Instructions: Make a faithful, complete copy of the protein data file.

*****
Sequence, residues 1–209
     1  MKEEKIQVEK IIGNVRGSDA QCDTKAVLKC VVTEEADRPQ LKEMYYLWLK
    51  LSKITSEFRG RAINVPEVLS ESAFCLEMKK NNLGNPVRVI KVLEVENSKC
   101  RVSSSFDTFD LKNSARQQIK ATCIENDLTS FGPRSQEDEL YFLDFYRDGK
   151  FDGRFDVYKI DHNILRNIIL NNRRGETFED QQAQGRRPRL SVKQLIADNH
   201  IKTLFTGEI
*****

Sequence, residues 1–209
     1  MKEEKIQVEK IIGNVRGSDA QCDTKAVLKC VVTEEADRPQ LKEMYYLWLK
    51  LSKITSEFRG RAINVPEVLS ESAFCLEMKK NNLGNPVRVI KVLEVENSKC
   101  RVSSSFDTFD LKNSARQQIK ATCIENDLTS FGPRSQEDEL YFLDFYRDGK
   151  FDGRFDVYKI DHNILRNIIL NNRRGETFED QQAQGRRPRL SVKQLIADNH
   201  IKTLFTGEI